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Can J Anaesth. 2016 Mar;63(3):298-306. doi: 10.1007/s12630-015-0509-6. Epub 2015 Oct 16.

The impact of blood pressure cuff location on the accuracy of noninvasive blood pressure measurements in obese patients: an observational study.

Author information

1
Department of Anesthesiology, Perioperative and Pain Medicine, Stanford University School of Medicine, Stanford, CA, USA.
2
Anesthesiology and Perioperative Care Service, Palo Alto Veterans Affairs Health Care System, Menlo Park, CA, USA.
3
Department of Anesthesiology, Perioperative and Pain Medicine, Stanford University School of Medicine, Stanford, CA, USA. brockutn@stanford.edu.
4
Stanford University Medical Center, 300 Pasteur Drive, H3580, Stanford, CA, 94305-5640, USA. brockutn@stanford.edu.

Abstract

PURPOSE:

Obesity presents many challenges to the anesthesiologist, including poorly fitting blood pressure (BP) cuffs due to the conical shape of the upper arm. The aim of this study was to determine the accuracy of noninvasive BP readings, obtained from a noninvasive BP cuff using various cuff locations and wrapping techniques, compared with invasive intra-arterial BP readings.

METHODS:

Thirty American Society of Anesthesiologists physical status I-III obese (body mass index > 30 kg·m(-2)) individuals undergoing non-cardiac surgery were enrolled in this observational study. Serial oscillometric noninvasive BP (NIBP) measurements were taken in the patients' forearm and upper arm with two different wrapping formations (one following the contour of the upper arm, the other keeping cuff edges parallel). These NIBP measurements were compared with invasive arterial blood pressure (ABP) measurements taken from the ipsilateral radial artery. The precision and bias of the NIBP and ABP measurements were determined using Bland-Altman analysis. Analysis of variance and Welch's t test were used to determine between-group differences in bias.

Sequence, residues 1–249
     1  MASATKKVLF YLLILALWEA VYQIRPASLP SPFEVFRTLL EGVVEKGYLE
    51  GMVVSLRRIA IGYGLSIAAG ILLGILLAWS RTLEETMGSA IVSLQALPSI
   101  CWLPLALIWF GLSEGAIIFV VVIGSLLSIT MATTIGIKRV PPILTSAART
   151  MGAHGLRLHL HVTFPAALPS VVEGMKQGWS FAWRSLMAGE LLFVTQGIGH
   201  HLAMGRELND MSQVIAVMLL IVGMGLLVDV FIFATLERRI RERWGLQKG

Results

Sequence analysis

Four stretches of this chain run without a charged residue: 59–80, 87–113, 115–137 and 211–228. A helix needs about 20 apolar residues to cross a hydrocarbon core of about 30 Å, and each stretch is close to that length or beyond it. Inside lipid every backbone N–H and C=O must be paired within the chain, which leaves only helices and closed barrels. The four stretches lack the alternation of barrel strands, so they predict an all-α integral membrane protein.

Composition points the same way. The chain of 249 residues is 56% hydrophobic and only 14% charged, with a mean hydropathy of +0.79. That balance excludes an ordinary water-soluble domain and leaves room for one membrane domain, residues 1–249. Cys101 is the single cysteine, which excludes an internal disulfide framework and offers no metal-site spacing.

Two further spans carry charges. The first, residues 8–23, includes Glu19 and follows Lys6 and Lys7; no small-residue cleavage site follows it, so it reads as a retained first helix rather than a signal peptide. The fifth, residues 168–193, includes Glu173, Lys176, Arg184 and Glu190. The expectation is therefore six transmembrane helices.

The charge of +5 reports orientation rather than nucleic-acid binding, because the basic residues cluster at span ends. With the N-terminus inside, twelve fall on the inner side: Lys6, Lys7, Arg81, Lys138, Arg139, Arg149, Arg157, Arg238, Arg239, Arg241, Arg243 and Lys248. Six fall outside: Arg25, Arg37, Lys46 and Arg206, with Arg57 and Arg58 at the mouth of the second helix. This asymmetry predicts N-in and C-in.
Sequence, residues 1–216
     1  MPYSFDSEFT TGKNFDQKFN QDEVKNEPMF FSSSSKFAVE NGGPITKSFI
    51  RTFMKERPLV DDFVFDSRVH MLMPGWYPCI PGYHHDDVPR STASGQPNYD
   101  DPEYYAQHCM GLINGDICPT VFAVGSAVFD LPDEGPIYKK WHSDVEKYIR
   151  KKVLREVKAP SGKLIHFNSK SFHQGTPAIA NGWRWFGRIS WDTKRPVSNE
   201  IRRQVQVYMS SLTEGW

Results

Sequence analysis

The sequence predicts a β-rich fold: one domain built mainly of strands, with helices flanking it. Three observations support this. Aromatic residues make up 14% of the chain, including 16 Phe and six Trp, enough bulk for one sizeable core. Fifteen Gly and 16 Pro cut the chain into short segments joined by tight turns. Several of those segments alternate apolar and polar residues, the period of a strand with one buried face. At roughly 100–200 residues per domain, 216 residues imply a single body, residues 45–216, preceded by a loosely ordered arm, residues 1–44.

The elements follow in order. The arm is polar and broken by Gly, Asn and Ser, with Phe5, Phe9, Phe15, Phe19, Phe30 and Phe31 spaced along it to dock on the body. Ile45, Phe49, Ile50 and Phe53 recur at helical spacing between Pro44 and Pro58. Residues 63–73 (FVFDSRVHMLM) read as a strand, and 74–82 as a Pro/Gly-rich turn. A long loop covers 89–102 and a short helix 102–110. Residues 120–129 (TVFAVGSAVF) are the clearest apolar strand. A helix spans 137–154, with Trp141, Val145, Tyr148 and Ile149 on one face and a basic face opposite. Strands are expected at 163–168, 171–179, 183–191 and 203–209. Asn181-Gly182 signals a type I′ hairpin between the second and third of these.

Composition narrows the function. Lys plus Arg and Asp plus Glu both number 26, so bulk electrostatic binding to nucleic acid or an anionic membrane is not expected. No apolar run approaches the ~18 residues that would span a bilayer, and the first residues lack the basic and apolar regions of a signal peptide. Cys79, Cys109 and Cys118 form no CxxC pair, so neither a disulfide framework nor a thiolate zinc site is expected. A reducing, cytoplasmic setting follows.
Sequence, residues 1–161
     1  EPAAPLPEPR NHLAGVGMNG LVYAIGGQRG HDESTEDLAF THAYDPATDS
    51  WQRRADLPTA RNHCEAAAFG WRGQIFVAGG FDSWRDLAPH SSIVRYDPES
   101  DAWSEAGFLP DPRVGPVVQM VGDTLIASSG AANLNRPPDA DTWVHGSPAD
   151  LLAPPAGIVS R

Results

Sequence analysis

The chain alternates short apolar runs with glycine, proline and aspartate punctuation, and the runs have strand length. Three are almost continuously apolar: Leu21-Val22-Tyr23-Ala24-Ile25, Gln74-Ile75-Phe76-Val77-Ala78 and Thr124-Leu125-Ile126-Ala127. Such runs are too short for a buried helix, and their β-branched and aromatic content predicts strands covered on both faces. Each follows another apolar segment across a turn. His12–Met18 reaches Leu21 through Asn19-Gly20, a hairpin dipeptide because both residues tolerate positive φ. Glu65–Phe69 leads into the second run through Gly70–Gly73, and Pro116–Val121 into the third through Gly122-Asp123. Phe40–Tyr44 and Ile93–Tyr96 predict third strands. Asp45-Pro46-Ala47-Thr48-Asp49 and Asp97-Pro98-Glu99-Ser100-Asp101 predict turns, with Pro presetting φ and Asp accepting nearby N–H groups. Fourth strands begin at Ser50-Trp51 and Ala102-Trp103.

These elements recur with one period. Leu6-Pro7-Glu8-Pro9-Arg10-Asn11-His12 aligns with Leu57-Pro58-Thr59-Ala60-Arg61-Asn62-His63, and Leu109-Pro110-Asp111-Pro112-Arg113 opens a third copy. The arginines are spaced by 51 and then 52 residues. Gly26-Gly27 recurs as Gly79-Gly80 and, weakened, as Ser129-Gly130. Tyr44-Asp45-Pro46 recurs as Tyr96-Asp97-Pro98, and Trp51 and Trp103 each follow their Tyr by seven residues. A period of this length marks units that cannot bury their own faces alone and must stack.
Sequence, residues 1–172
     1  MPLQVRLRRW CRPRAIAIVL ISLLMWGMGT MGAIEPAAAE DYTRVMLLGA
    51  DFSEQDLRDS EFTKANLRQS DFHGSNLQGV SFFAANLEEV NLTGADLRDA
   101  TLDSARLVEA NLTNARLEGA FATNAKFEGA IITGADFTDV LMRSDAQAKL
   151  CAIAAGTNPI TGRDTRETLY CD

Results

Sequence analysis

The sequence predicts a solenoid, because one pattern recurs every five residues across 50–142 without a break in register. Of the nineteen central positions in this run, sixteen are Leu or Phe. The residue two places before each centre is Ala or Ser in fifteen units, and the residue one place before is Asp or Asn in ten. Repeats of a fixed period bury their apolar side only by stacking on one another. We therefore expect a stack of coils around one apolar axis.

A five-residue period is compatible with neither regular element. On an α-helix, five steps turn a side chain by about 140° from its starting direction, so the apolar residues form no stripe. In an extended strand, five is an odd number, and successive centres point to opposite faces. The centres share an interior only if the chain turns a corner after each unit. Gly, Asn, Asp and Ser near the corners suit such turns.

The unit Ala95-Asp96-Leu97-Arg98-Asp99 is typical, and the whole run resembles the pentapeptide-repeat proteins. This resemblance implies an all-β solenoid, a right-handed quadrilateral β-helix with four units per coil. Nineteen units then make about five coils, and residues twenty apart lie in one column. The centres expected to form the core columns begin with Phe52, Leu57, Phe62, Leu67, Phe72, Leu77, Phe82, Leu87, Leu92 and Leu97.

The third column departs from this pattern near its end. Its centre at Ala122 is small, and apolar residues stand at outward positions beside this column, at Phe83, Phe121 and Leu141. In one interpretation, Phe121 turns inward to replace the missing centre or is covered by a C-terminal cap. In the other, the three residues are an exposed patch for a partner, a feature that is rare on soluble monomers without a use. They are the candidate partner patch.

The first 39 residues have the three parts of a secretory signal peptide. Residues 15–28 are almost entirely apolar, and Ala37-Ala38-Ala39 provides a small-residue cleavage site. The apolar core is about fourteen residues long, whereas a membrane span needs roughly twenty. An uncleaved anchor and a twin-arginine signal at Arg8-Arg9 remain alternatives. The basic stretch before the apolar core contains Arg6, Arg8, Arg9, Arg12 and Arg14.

RESULTS:

There was poor agreement between the ABP measurements and all types of NIBP measurements. Each of our study participants had a least one NIBP parameter (mean arterial pressure, systolic BP, or diastolic BP) that was > 10 mmHg different than the corresponding ABP parameter. Upper arm BP measurements showed a statistically insignificant trend toward underestimating ABP. For all cuff positions and wrapping techniques, systolic BP offered the best agreement between NIBP and ABP measurements.

CONCLUSIONS:

All the forms of NIBP cuff orientation studied had unacceptable precision and bias compared with invasive ABP measurements. When patient and/or surgical conditions necessitate accurate BP monitoring, direct arterial measurement should be considered over NIBP measurements in obese patients.

PMID:
26475165
DOI:
10.1007/s12630-015-0509-6
[Indexed for MEDLINE]

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